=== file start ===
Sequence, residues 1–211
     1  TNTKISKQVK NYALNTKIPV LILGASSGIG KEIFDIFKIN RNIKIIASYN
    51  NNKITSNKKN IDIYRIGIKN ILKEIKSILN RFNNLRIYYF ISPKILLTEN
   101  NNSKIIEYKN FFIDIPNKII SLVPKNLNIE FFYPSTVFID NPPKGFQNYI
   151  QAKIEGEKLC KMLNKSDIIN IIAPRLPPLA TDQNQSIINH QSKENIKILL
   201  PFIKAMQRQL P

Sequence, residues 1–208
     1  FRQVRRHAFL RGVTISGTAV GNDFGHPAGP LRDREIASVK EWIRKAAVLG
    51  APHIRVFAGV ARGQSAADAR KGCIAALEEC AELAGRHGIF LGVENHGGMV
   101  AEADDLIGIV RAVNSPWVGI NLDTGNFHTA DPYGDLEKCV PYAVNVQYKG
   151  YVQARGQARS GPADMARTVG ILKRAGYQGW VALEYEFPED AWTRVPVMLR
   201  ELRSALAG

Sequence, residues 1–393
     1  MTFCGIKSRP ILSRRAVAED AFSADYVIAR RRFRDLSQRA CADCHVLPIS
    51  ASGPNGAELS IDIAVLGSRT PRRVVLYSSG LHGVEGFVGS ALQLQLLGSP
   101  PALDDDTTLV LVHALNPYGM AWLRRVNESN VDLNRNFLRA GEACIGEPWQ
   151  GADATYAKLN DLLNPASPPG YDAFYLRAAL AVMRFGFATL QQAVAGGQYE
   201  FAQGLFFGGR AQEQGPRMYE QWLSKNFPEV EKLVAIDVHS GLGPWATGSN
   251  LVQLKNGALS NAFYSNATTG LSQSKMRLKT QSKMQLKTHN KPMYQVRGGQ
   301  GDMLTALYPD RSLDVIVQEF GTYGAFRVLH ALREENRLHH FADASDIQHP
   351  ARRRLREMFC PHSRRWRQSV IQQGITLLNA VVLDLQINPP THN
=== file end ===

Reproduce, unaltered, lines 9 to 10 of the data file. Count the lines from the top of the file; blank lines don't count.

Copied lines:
    51  APHIRVFAGV ARGQSAADAR KGCIAALEEC AELAGRHGIF LGVENHGGMV
   101  AEADDLIGIV RAVNSPWVGI NLDTGNFHTA DPYGDLEKCV PYAVNVQYKG